• Myopathies in metabolic disorders (lipid storage myopathies)
  • mitochondrial diseases (myoclonus epilepsy with “ragged red” fibers)
  • toxic myopathies (chloroquine, colchicine, statins)
  • Rhabdomyolysis, muscular dystrophy (muscle wasting)
  • unclear diseases of the muscles

Routine pathological examinations are:

  • Elastica van Gieson stain (EvG) (fibrosis of the endomysial connective tissue in myopathies)
  • Modified Gömöri trichrome stain (inclusion bodies in nemaline myopathy)
  • Hematoxylin-eosin stain (inflammatory infiltrates in myositis)
  • Oil red staining (lipid storage in the case of carnitine palmitoyl transferase deficiency symptoms)
  • Acid phosphatase reaction (increased macrophage activity in inflammatory myopathies)
  • ATPase reaction at different pH values ​​(different fiber types and their disturbed distribution in chronic neurogenic damage)
  • NADH reaction (representation of the oxidative, intermyofibrillar network and its disorders in multicore myopathy, central core myopathy)
  • PAS staining (excessive storage of glycogen in McArdle disease)

Risks, side effects & dangers

Rare complications are infections and wound healing disorders. Since skeletal muscle tissue reacts in a maximally irritable and artefact-prone manner, there is a risk of bruising or further injury to the tissue. Bruising, discomfort and light bleeding at the donor site are possible.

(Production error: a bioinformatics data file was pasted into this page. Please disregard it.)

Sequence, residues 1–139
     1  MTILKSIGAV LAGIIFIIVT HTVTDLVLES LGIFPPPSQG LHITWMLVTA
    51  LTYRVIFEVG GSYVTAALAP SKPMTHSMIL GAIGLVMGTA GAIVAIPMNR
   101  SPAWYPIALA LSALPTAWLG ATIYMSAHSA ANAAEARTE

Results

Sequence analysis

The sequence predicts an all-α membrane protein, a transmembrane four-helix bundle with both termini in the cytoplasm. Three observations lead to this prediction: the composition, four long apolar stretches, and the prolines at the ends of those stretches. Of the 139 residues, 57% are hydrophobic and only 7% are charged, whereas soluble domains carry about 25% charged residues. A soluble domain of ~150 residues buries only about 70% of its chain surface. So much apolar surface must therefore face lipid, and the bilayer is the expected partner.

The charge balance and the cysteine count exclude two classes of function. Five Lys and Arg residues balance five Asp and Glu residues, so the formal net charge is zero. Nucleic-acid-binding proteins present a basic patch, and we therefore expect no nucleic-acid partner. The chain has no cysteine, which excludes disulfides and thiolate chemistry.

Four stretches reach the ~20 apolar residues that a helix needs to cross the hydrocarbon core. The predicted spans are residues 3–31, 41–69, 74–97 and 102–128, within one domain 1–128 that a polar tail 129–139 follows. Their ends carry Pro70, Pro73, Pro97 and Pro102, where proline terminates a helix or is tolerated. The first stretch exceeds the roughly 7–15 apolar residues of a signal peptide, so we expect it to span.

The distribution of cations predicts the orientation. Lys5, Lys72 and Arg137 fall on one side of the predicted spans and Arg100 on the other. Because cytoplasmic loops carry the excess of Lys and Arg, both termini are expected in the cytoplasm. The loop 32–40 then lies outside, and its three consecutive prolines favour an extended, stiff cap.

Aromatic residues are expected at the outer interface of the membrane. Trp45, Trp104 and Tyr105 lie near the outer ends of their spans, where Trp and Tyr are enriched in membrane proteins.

Before the procedure, the doctor informs the patient about the individual risks and asks about contraindications, for example allergies to the anesthetics used . Bleeding disorders, aspirin and anticoagulants (medicines used to thin the blood) are important contraindications, which may only allow an intervention if the medication is stopped. 

To ensure that the patient is physically fit for the procedure, the doctor will perform a physical exam in addition to taking the medical history. After the procedure, the patient can quickly resume his or her everyday life, there are only minor restrictions. He must keep the interface sterile and dry and must not put too much stress on the affected muscle tissue.

Typical & common muscle diseases

Lisa Newlon
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Hello! I am Lisa Newlon, and I am a medical writer and researcher with over 10 years of experience in the healthcare industry. I have a Master’s degree in Medicine, and my deep understanding of medical terminology, practices, and procedures has made me a trusted source of information in the medical world.